They wandered the mall for four and a half hours, heading home empty-handed. Bear said nothing on the drive to their house, the only noise the sound of the radio and the truck's tires crunching along the roads.

When the truck pulled into the driveway and they went inside, Dan headed straight for the fridge. Bear pulled off his coat and hung it on the wooden rack near the door, then turned around and followed Dan into the kitchen.

The man was already chowing down, his gloves still on. He held a large glass bowl full of baked beans in his arms, one hand dinging into the food with an oversized metal spoon that they usually reserved for when they needed to scoop large quantities of sour cream out of a tub of the stuff in order to make chili.

"What are you doing?" Bear asked, chuckling.

"Eating," Dan replied through a mouthful of beans. A blush rode the tops of his cheekbones, but the embarrassment didn't stop him from bringing another spoonful of the food into his mouth.

"Why?" It was all Bear could think to say.

"I like beans." It sounded so uncharacteristically childish that Bear had to turn and walk back into the living room in order to keep from bursting into peals of insane laughter.

When Christmas morning finally rolled around, the two weren't able to open their gifts for each other right away, since they had to make stops at both Dan's parents' house, and Bear's parents' house. When they got home, it was almost ten-thirty at night.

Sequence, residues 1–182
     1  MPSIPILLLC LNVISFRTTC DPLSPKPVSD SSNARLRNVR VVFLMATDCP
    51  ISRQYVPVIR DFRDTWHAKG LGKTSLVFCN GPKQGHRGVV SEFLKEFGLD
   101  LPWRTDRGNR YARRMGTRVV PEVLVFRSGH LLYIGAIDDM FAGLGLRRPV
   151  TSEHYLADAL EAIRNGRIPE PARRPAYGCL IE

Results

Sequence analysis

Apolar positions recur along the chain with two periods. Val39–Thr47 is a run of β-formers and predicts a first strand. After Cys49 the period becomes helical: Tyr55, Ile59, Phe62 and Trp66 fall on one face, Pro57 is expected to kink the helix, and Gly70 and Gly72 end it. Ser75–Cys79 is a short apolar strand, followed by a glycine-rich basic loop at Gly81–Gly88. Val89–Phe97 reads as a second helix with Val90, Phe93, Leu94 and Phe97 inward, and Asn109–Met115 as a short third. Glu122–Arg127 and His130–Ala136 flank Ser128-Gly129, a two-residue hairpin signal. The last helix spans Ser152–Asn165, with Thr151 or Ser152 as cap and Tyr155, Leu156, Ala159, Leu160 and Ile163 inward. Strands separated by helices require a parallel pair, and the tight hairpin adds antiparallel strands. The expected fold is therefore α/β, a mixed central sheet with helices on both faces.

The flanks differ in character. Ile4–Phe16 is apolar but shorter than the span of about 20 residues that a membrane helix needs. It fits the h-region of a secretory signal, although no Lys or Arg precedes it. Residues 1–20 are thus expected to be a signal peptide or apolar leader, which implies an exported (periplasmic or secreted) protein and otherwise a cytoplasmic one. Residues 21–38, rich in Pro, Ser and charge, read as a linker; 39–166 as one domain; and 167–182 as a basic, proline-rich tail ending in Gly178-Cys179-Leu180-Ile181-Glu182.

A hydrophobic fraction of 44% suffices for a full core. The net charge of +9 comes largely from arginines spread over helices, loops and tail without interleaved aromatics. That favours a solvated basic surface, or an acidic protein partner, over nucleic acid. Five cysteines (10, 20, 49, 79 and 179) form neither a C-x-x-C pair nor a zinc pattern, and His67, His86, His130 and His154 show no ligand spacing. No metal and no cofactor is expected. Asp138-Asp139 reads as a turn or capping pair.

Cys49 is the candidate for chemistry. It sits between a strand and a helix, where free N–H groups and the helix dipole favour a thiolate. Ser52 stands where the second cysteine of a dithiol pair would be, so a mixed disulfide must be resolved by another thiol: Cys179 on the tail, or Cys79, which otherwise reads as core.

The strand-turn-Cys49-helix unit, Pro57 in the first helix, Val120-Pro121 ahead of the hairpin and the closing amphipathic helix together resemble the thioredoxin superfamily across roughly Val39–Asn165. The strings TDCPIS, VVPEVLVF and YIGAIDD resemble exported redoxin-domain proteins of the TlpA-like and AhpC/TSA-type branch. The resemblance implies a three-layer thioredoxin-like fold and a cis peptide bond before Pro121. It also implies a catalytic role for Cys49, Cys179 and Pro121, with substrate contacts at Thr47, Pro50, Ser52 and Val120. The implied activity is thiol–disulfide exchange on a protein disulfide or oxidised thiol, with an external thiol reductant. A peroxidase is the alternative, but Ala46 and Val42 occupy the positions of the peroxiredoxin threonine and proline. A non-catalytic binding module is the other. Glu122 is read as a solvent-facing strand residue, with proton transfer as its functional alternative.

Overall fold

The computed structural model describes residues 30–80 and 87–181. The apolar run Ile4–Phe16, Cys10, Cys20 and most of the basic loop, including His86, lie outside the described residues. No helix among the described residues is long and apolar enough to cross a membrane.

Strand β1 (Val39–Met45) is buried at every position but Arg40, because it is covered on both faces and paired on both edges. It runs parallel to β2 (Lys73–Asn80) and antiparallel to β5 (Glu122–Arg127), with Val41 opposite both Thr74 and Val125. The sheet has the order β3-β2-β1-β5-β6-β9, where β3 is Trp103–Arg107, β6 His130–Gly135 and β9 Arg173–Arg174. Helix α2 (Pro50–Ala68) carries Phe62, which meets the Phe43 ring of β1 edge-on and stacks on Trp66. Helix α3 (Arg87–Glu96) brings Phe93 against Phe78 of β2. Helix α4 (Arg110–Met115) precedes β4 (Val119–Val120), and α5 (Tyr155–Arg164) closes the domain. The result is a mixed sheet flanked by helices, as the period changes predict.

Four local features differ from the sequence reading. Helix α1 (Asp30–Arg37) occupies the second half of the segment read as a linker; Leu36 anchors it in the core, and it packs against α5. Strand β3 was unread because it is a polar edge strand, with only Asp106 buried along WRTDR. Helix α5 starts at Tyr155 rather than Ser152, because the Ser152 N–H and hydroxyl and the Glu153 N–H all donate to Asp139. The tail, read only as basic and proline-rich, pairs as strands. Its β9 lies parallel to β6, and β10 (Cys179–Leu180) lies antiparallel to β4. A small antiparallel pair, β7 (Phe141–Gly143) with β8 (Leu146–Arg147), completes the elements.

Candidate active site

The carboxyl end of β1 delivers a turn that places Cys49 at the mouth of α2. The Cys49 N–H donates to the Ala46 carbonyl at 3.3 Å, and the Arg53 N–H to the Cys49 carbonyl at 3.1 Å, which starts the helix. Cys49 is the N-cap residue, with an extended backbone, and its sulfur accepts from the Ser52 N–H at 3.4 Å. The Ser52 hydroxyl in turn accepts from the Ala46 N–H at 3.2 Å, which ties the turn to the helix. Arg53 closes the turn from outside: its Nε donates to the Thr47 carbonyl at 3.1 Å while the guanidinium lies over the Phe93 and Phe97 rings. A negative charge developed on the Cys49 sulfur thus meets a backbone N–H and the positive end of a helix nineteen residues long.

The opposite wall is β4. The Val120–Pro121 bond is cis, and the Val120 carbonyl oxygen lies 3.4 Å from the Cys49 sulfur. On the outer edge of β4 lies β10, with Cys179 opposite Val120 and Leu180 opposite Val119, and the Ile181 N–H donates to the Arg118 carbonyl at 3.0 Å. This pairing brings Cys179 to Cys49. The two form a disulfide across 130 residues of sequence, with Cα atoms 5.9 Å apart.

Dan was ready to head to their bedroom, get changed and sleep, but Bear stopped him, saying,

"Wait. We still have to open our gifts from each other."

Dan turned back around with a tired smile.

"Are you sure we can't just do this tomorrow?" He asked. "I'm exhausted, and no one will know the difference."

"We'll know," was Bear's reply. "Now sit down on the couch. You can go first. What do you think?"

"Bring it on," Dan said through a yawn, taking a seat on the couch, just as Bear had said to.

Bear walked over to the tree and came back with a package the shape of a large octagon. When he sat down beside his boyfriend and handed him the gift, Dan was a little surprised at the weight of it.

"What is this?" He asked.

"Open it and find out," Bear responded with a sly smile.

Dan ripped the brightly colored paper off and dropped it to the floor, at his feet. When the gift was revealed, he started laughing before he could stop himself.